'EU's foreign policy vis-à-vis Turkey lackluster'
Turkey’s European Union Minister Egemen Bağış is welcomed by Danish European Affairs Minister Nicolaï Wammen (R) and European Commissioner for Enlargement and European Neighbourhood Policy, Czech Stefan Füle (L) at the start a EU-Turkey ministerial accession conference at the European Council Headquarters in Brussels, on June 22, 2012. (Photo: EPA, Olivier Hoslet)
Despite the economic crisis across the European Union, the 27-member bloc has conducted a complex foreign policy, however, with no upturn seen in relations with Turkey in 2012, ranking the bilateral ties among the EU's least successful foreign policy initiatives.
The 2013 annual edition of the European Council on Foreign Relations' (ECFR) groundbreaking “European Foreign Policy Scorecard,” which comprises an overall evaluation of the effectiveness of the EU's foreign policy, suggests that the EU experienced a difficult year in its relations with Turkey during the entire course of 2012.
“Europeans continued to struggle on Turkey, with a muddled situation on bilateral relations and frustrating developments on foreign policy,” the report says, while looking back on the bilateral relations between the EU and Turkey in 2012.
Evaluating the effectiveness of Europe as a global player, the scorecard focused on policies and results rather than institutional processes. It assigned two scores -- unity and resources, each graded out of five -- for European policies themselves, and a third score -- outcome, graded out of 10 -- for results. The sum of these scores was then translated into a letter grade from A (outstanding) to F (failure).
Thus, in each of three categories that assessed the EU's foreign policy in regards to Turkey -- namely bilateral relations with Turkey, rule of law, democracy and human rights in Turkey, and relations with Turkey on the Cyprus question -- the EU's grade was C-, the lowest grade in the report.
The difficulty for EU-Turkey relations was directly linked to the lack of progress in the Cyprus issue, the French opposition to Turkey's EU bid and Ankara's preoccupation not with EU membership but with domestic policies and the civil war in Syria, which is challenging Turkey in terms of the Kurdish issue. This is already an uneasy topic and creates political tension in the country, according to the report.
France's newly elected President François Hollande intimated that 2012 might bring progress to the stalled relations. It did not happen, though, as “Hollande has not yet lifted any of the vetoes [which] suggests that hopes are premature and an opening is not in sight,” in spite of an improvement in Turkey-EU relations after Hollande defeated former French President Nicolas Sarkozy, the main opponent of Turkey's EU accession in the 27-member bloc.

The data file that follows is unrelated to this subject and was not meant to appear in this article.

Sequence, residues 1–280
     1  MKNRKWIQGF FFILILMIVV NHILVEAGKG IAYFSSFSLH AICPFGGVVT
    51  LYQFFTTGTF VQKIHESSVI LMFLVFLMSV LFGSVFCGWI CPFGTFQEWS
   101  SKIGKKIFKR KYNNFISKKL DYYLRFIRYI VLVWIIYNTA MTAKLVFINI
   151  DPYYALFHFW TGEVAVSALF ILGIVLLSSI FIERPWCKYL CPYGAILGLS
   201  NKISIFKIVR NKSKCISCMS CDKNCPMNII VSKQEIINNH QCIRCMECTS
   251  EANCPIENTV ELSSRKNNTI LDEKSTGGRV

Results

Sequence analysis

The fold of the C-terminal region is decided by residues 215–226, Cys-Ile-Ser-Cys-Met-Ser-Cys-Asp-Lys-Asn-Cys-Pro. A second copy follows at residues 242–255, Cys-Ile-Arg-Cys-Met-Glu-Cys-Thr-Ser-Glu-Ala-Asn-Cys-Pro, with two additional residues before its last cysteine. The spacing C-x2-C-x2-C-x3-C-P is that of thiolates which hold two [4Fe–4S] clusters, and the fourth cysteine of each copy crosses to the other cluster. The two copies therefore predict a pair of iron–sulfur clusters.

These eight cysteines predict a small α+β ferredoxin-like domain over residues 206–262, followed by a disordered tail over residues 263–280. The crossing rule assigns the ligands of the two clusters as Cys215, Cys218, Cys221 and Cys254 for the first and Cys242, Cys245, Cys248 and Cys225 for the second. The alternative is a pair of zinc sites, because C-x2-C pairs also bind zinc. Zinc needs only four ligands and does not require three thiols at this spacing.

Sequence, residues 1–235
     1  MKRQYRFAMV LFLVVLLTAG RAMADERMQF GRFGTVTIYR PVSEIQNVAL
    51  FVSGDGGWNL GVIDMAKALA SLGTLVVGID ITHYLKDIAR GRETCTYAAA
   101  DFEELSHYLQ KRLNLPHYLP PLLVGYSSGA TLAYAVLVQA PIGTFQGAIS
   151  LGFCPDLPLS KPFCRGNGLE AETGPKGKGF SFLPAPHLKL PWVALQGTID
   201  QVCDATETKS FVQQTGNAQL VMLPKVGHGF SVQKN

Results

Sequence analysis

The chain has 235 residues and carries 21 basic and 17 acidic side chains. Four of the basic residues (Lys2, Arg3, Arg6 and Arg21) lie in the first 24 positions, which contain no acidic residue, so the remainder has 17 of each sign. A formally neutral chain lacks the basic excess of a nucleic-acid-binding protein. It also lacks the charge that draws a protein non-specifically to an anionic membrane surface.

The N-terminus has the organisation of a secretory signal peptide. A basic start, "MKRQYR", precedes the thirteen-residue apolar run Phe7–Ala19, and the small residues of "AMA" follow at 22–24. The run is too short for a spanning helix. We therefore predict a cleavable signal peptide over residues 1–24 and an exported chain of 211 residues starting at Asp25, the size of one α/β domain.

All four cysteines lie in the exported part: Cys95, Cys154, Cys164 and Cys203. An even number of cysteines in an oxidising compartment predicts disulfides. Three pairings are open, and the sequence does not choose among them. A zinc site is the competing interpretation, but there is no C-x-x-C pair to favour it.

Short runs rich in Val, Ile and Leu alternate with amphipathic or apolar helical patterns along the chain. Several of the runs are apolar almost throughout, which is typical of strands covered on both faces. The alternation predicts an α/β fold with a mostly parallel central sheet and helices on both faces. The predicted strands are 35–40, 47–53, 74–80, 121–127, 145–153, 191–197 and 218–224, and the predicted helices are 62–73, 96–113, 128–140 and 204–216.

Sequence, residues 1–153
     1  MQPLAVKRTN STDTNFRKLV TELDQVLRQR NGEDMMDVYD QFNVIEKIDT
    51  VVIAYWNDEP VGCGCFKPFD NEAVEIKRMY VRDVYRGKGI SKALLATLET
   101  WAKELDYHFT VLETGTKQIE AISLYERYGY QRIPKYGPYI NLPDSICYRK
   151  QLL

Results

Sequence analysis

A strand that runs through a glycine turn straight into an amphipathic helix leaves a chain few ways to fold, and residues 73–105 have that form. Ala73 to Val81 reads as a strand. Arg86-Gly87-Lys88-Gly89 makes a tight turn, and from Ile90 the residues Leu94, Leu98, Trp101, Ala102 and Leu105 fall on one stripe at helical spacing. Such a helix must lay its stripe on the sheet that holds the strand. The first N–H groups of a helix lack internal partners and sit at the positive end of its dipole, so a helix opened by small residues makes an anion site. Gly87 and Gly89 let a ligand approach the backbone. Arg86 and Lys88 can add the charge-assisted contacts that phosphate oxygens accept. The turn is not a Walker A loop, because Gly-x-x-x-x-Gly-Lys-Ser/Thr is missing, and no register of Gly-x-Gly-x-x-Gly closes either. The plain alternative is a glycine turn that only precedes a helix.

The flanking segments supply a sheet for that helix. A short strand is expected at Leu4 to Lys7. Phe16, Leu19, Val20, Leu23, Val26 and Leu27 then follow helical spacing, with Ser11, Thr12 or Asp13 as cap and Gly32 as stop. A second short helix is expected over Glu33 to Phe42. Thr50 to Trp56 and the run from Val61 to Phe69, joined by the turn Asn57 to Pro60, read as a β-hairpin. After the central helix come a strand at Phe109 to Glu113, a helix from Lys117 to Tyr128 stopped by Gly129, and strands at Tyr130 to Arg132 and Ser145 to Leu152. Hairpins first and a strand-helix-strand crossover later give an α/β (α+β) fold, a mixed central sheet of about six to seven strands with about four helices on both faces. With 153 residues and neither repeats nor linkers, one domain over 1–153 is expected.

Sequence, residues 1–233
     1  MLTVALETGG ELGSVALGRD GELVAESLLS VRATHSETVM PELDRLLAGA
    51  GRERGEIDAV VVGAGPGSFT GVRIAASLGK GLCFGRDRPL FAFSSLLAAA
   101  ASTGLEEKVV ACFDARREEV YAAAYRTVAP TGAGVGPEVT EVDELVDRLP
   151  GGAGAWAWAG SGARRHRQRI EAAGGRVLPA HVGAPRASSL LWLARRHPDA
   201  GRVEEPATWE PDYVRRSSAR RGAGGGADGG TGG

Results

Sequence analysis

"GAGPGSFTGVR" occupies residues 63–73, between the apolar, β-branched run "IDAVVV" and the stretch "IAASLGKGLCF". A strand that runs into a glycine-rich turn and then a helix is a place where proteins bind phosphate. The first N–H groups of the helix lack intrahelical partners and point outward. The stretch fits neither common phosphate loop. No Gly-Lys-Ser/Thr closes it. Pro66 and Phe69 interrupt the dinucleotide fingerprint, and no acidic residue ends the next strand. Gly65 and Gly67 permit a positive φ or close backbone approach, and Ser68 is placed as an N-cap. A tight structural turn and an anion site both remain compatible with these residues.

In 2007, France imposed vetoes on five negotiating chapters. However, the European Commission put forward a positive agenda in mid-May with the aim of speeding up and opening the negotiating chapters. Turkey has completed only one of the 35 policy chapters every accession candidate must conclude.
“Equally, Turkey has not made moves to implement the 2004 Ankara Protocol, which would unblock a host of chapters and revive the talks,” the report says, pointing out one of the most negative sides in the developments.
The EU insists that Turkey is obliged to open its ports and airports to traffic from Greek Cyprus under an agreement known as the Ankara Protocol, the additional protocol to the Ankara Agreement of 1963. However, Turkey refuses to open its ports, urging the EU to first end the isolation of the Turkish Republic of Northern Cyprus (KKTC) as it had promised to do in 2004 with a referendum on a UN reunification plan for the island, which was approved by the Turkish Cypriots but rejected by the Greek Cypriots.
Even though Turkey did not freeze its bilateral ties with the EU during the Greek Cypriot presidency of the Council of the European Union in the second half of the year, these relations did not improve conspicuously in 2012 either, according to the report.
Although Turkey repeatedly vowed to suspend its relations with the EU during the Cypriot presidency of the European Council in the second half of 2012, it did not do so.
The report harshly criticizes Turkey's EU chief negotiator Egemen Bağış's policies, saying “[Turkish] Minister of EU Affairs and Chief Negotiator Egemen Bağış used his position to launch repeated rhetorical attacks on the EU in order to build up his political profile at home.”
The report also says that Turkey was an invaluable bridge between the EU and Iran, the European countries' main concern in the region. Istanbul hosted the E3+3 talks on the Iranian nuclear program in June and a bilateral meeting between High Representative Catherine Ashton and Iranian chief negotiator Saeed Jalili in September, although Turkey's doubled gold exports to Iran serve to diminish the expected damage of Western sanctions.
Turkey's bid to join the EU officially started in 2005, but it has made little progress in its candidacy due to the failure to find a solution to the dispute regarding the divided island of Cyprus, of which the Greek part is already an EU member, and opposition from Sarkozy to Turkey's membership. Sarkozy argued that the predominantly Muslim country is not a part of Europe and wanted Turkey to accept an alternative partnership with the EU instead of full membership -- which was rejected by Turkey.